Engineering isn’t always about building things that you can see. In this case, it’s about taking something you can hear and using it to learn information that might not have been known before.
In the case of this video, scientists are turning light signals from distant stars into sound. By analyzing the sound quality, they can determine the star’s surface gravity as well as figure out which stage it is at in its evolution from dwarf to red giant.
Here at Fulghum MacIndoe, we believe in pushing ourselves to be better, to think bigger, to understand more than we did before. Engineering is powerful and we are excited to be working in this field, with so many other great folks doing amazing things!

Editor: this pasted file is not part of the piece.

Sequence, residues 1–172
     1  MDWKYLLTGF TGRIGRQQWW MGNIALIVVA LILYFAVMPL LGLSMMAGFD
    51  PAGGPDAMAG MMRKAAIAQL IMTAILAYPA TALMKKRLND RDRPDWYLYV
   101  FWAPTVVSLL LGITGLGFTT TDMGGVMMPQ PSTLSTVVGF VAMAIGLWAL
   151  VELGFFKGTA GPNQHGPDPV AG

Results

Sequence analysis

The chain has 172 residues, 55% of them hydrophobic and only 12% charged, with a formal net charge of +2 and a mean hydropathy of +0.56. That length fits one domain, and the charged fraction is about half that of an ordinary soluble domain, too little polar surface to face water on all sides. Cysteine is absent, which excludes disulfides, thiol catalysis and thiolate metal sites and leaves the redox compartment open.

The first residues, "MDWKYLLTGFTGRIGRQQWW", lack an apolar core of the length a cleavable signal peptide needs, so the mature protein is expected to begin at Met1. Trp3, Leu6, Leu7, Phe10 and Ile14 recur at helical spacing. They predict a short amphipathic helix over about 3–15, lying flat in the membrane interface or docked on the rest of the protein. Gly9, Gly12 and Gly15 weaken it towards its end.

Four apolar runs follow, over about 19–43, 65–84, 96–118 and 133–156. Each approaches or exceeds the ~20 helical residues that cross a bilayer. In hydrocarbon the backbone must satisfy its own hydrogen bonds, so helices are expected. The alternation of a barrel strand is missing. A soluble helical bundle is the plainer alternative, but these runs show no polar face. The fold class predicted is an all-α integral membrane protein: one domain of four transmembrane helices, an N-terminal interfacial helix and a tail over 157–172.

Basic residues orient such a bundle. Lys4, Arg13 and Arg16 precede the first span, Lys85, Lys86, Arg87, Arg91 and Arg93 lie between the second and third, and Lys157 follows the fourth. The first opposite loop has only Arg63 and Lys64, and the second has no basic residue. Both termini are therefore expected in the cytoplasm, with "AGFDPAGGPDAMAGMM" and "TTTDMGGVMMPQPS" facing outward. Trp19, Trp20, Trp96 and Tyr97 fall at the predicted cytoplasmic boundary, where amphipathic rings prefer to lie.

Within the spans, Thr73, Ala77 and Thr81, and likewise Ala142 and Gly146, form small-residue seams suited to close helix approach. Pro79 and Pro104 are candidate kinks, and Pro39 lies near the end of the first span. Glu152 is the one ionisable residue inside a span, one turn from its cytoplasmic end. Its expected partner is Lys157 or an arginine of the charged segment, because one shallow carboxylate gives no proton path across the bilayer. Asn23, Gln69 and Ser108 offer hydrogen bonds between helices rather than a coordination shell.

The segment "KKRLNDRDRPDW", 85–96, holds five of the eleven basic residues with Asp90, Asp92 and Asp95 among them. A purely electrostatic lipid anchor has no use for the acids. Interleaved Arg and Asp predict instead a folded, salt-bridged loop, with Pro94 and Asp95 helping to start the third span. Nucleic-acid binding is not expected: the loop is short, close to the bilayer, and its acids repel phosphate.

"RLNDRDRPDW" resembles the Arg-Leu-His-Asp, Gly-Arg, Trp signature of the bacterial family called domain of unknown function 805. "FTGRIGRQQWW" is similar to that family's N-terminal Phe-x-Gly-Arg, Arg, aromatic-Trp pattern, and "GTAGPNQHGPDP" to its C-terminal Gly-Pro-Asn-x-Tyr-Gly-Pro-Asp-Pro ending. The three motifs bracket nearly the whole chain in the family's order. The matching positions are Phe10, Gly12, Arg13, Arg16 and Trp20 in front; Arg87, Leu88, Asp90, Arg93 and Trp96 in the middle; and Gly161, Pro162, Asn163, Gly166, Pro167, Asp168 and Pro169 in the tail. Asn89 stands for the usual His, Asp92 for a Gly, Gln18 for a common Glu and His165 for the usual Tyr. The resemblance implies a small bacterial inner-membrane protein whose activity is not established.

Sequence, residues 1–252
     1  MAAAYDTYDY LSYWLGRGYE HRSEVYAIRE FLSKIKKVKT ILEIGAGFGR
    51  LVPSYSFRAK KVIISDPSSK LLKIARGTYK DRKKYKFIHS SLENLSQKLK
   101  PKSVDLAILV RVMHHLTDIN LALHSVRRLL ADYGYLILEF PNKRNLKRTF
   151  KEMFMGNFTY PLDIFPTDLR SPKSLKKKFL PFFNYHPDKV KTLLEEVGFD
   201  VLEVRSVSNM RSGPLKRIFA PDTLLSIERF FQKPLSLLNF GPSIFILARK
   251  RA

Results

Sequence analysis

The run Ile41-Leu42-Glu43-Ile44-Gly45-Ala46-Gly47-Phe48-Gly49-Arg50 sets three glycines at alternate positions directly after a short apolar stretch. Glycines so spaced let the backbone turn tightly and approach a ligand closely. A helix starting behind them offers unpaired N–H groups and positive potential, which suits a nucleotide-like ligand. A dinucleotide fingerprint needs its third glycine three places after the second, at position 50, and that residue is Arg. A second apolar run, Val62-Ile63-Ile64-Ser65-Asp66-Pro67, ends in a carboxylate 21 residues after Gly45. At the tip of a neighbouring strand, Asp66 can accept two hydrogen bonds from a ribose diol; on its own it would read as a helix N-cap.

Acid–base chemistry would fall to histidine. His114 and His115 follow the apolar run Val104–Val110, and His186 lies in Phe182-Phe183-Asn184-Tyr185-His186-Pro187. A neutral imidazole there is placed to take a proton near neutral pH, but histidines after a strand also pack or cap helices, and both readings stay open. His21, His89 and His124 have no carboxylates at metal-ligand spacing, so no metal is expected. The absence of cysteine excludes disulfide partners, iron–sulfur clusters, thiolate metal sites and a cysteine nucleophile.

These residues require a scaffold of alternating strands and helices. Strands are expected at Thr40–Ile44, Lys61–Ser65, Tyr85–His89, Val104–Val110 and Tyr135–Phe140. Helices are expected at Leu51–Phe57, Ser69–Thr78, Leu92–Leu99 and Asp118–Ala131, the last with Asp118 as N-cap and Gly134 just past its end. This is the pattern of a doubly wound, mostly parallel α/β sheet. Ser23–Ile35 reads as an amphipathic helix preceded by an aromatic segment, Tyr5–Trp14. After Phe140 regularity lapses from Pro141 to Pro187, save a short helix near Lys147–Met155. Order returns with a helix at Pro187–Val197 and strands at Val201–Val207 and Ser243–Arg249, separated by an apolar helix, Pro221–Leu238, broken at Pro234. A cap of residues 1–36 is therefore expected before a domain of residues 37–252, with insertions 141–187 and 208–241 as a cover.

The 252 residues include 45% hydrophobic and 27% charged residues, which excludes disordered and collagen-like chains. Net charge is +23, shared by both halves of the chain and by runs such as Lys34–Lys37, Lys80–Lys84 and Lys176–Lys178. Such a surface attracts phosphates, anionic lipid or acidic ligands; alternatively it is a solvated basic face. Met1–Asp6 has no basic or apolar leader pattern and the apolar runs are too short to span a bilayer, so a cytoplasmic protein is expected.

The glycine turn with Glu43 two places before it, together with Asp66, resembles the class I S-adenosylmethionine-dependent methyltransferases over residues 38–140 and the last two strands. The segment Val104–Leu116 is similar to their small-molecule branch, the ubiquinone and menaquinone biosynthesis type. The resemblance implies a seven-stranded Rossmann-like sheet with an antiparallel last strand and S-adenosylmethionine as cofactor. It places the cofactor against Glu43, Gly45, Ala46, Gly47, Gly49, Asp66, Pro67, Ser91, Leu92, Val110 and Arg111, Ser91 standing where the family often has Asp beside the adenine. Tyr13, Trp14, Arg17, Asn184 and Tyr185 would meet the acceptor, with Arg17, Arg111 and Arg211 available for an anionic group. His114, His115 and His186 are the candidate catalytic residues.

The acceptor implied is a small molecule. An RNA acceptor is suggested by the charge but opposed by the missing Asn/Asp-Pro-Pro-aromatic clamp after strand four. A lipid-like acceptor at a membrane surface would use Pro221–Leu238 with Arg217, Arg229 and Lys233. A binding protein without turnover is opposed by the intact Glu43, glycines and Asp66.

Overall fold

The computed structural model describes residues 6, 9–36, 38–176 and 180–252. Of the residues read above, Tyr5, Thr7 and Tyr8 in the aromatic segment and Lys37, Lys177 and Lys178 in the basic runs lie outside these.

On this day receiving a lot of attention for a supposed Maya prophecy calling for the end of the world, we salute this ancient civilization as an inspiration for our industry.
That’s right: the Maya were serious ninjaneers. Their number system included zero, which allowed them a deeper facility with geometric principles. Their incredibly advanced cities included plumbing, water pressure, a 600-foot suspension bridge and other marvels that predated such developments in Europe.
This article illuminates the Maya’s feats of engineering. We continue to be amazed by the Maya people and the mystery behind their disappearance, and we can’t help wondering what other lessons we can learn from them.